Don't Kill Your Horse

  • Alistair Brown
  • Jan 05, 2011
  • Category: Call
  • Blog Feed

In December I attended a conference for seminary presidents organized by ATS, which is Northern’s main accrediting body. It was held in Santa Fe, New Mexico, and before you imagine I was sunning myself let me explain that the city is over 7000 feet above sea level and, having attended this conference in each of the last three years, this is the first time it has not snowed. This year it was just cold.

The conference has a three year ‘curriculum’, meaning that every fourth year they begin to cover the same themes again. I am now a ‘graduate’, and the four of us who gained that elevated status this year were each presented with a carved Santa Fe angel figure. I am grateful for that, but much more for the knowledge gained, fellowship shared, and fresh energy received for the calling to be an effective seminary president.

Near the end a group of us asked ourselves, “What was your ‘aha’ moment of the conference?” That kind of question does not always have a clear answer. Sometimes there is an overall benefit without one moment as a highlight. I suspect that was true for me.

Yet there was one point that made me think in a new way. One session was on ‘Self Care for the President’, wonderfully led by someone who had been through the good and bad times. He talked about physical, mental, social and spiritual health, and said, “We owe it to our students, trustees, colleagues and to the wider church to be well in order to do the job to which we have been called.”

Somehow I had never thought about rest, exercise, diet in those terms. I have never believed that work must be 24/7; I’ve seen what that does to people and it is not glorifying to God. But there has always been my own drive to make things happen, and perhaps a fear of letting others down if I take too much time away from work. It had never occurred to me I could let others down by not taking time away from work. Of course, the potential to fail others goes beyond colleagues to family and friends, people to whom God has also given me a calling.

I know I am far from alone with my failings. All of us who care about our calling, about our work, can get to a place where life is in imbalanced, and we are too tired to take exercise or too stressed to watch our diet. In the short term some of that is almost inevitable, but when it becomes a normal way of life we get into trouble. I sometimes joke that I am healthier than I should be, but that should not be a joke. We do not live to be healthy, but the reality is that we may not live long if we are not healthy.

Robert Murray M’Cheyne was a Scottish preacher greatly used by God in a revival in the early 1840s. But he became exhausted and then very sick. As he lay dying, he is quoted as saying God had given him a message to deliver and a horse with which to deliver it, but alas he had killed the horse (his own body) so could no longer deliver the message. He was just 29.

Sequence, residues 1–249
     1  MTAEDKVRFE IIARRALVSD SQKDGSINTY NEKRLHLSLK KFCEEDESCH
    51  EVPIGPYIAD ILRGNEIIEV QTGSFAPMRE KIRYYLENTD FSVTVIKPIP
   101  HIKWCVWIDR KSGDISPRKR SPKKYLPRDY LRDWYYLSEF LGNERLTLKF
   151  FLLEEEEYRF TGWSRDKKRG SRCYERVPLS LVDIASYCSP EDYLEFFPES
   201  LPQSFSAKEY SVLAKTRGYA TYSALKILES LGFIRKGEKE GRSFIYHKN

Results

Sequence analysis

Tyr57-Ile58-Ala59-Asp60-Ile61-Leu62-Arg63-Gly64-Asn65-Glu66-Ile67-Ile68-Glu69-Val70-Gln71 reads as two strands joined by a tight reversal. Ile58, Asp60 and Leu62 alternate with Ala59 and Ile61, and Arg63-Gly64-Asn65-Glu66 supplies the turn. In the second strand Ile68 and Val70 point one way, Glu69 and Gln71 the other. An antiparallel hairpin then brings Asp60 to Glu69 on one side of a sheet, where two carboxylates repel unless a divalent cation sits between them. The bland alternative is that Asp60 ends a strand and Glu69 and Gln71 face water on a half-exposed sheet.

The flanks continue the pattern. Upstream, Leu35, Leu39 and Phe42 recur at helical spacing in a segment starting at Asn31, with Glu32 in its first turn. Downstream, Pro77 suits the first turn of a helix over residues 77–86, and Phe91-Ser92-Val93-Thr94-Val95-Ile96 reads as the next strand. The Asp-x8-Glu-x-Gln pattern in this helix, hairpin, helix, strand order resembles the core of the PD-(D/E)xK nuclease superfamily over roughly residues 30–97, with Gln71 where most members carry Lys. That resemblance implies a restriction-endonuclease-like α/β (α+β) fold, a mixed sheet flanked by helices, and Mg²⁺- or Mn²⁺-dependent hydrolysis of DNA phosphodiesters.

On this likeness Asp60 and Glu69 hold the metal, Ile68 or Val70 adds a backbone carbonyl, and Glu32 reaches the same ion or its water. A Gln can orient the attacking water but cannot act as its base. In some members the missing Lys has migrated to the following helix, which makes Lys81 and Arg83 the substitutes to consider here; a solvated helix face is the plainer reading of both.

Work for God is usually more of a marathon than a sprint. I believe the conference speaker was right in saying we owe it to others to be fit for the work to which we have been called. That is true for every person; it includes me. I guess, then, I have a New Year’s resolution. This is too important to be just an empty moment of wishful thinking; it has to mean accepting a new and higher level of discipline as one of the terms of the calling on my life.

I am not alone in needing to hear that conference speaker’s words about what we owe those who depend on us fulfilling our callings from God.

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LaVaye Billings on Jan 26, 2011 7:56pm

Sir, My husband is 82, and I am 78; We are still active in many areas: my husband still teaches as a substitue 3- 0r 4 days a week. Cares for an absentee owner for an Old Manor here in Central TX, and has 55 goats or more, that he calls his friends. They actually know the sound of his old vehicle when he comes to feed them. He golfs about three times a week, too. But he is beginning to admit that he must stop some of this. His life was in athletics, and he earned a Doctrate from IU with a major in HYPER. We raised four children of our own, and several that fell through the cracks. I taught school for 26 years, too. We all were very active in our Church Life. So we were extremely busy. ----- I have been trying to get him to slow down for a few years , but until this week he has not been able to even admit that he needs too. It appears to me, that men more often than women, have a need to excel at the expense of what is reasonable for their bodies.
My final written statement on your article, is that all of us as true Christians, must remember the most vital thing we can do, is to spend quiet time in prayer, & in the Word of God. He will so refresh our souls, bodies, and spirits. We will truly radiate His love as we go about doing the work at hand! Thank you, L.B.

Alistair Brown on Feb 11, 2011 2:21pm

Thank you for your comment. Everyone who reads it will be thinking, “I hope I am so active when I am 82 or 78!” I certainly hope I am golfing three times a week at that age. The goal – achieved by only a few – is to score less than my age. It may require me still to be playing until I am at least 100. I have to admit that you may be right that men often work at the expense of their health. I have known of ‘well woman’ clinics for a long time, but almost never of ‘well man’ clinics. It is said women give thought to maintaining their health, while men work their bodies until they break down and then hope they can be mended. Perhaps these days both genders are becoming equally guilty of neglect. But at least some are realizing the frantic pace of life is neither sensible nor God’s will. And your reminder at the end about ensuring there is quiet time with God is very appropriate too. God demands first place, not the left overs of our day.